Richard Wagner - Der fliegende Holländer
Bayreuther Festspiele, 2013
Christian Thielemann, Jan Philipp Gloger, Franz-Josef Selig, Ricarda Merbeth, Tomislav Mužek, Christa Mayer, Benjamin Bruns, Samuel Youn
Opus Arte - Blu-ray
You never know quite what to expect from a new Bayreuth production other than the certainty that it won't be a "traditional" staging of a Wagner opera. Jan Philipp Gloger's concept for the 2012 production of Der Fliegende Holländer for example, is initially difficult to figure out, but there are a few things that stand in its favour that suggest that it at least holds true to the spirit and intention of the work. One is its adherence to the dramatic and mythological strengths of the work, the other is the quality of the performance itself, conducted by Christian Thielemann and sung well by a strong cast.
Taking it in terms of each of the three acts - although this performance uses the "joined-up" version of Der Fliegende Holländer without breaks or intermission - it's not immediately obvious what the setting or the intention is from the first act, and there's not much that appears consistent in the tone or the concept in the acts that follow either. Act I seems to suggest a futuristic setting, a data or information sea rather than a traditional water one. Dark walls are lined with connections, components and cables like a motherboard, lighting-up with the flashes of the storm, one that seems to derive directly from the ominous and unnoticed approach of the cyborg Dutchman's phantom ship.
It may be dark and menacing, but the tone is inconsistent, the Steersman and Daland like a comedy double-act or at least showing some degree of levity in their actions and gestures. Conceptually, it doesn't seem to hold together, but arguably Wagner's technique doesn't hold together either in this earliest through-composed work which breaks into Donizetti melodies and Lortzing-influenced operetta duets. Act II seems similarly schizophrenic, the female chorus not a group of wives-a-weaving but workers in a factory packing fans into boxes. Among this group of sweetly singing industrious ladies, Senta comes across as a bit of an odd-ball - dark, gloomy and not a little deranged, crafting an abstract sculpture of the mythical Dutchman out of spare bits of wood, black tar and packing.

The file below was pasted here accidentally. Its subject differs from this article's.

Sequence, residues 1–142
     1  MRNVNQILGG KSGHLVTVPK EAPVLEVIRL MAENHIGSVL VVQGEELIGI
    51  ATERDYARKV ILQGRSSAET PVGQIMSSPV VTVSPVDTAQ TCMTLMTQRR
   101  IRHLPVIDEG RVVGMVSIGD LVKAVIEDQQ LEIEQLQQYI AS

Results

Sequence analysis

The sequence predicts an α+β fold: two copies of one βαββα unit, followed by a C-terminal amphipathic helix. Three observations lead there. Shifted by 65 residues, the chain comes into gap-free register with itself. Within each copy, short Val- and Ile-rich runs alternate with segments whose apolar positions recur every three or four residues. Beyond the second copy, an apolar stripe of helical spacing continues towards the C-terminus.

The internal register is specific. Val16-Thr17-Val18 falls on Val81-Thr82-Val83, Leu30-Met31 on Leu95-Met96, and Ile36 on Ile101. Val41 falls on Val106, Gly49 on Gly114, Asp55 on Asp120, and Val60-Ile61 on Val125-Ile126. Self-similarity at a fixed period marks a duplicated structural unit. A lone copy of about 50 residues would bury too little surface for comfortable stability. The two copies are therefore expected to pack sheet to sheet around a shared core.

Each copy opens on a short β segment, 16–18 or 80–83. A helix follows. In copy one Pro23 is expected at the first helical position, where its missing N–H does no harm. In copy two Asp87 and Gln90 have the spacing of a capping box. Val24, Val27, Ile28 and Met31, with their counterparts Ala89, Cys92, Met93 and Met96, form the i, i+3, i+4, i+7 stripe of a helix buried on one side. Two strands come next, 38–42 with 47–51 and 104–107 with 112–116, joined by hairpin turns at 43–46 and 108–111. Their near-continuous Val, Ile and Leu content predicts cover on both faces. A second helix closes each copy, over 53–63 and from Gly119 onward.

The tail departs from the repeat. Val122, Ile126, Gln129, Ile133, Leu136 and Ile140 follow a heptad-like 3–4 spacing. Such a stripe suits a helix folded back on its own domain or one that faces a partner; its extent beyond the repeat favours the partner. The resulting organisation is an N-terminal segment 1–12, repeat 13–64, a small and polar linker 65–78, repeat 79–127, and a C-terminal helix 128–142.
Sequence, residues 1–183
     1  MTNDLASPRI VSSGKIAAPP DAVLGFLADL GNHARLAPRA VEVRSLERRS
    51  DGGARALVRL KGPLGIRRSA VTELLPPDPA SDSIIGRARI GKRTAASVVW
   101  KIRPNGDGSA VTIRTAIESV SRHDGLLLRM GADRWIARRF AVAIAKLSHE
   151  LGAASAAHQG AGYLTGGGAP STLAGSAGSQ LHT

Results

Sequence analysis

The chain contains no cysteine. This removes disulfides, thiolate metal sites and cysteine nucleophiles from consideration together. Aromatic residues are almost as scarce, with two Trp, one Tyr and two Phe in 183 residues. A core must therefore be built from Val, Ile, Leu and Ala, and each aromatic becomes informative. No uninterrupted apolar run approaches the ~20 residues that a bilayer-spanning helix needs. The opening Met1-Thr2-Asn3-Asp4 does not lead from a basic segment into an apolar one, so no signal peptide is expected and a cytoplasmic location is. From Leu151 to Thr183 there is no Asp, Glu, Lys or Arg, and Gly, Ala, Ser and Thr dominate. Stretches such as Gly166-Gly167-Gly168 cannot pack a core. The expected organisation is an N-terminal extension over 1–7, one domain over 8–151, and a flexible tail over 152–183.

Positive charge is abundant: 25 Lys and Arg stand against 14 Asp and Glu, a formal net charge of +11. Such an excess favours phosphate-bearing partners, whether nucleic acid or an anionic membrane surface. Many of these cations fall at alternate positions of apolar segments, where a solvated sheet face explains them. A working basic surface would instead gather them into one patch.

If you're a bit lost as to what is going on here you can at least enjoy the outstanding musical and singing performances, but things do start to fall into place in Act III (although it might help if you refer to the director's notes on the production in the accompanying booklet). Broadly speaking it's not that far removed from Martin Kušej's interpretation for the De Nederlandse in terms of how the subject of Der Fliegende Holländer is viewed as a question of love versus commerce. The incompatibility and conflict between love and business is indeed a subject that plagued Wagner most of his life, so there's merit in this view, but whether it can be brought out meaningfully depends very much whether it also adheres to other important aspects of the composer's life and philosophy, particularly around this time.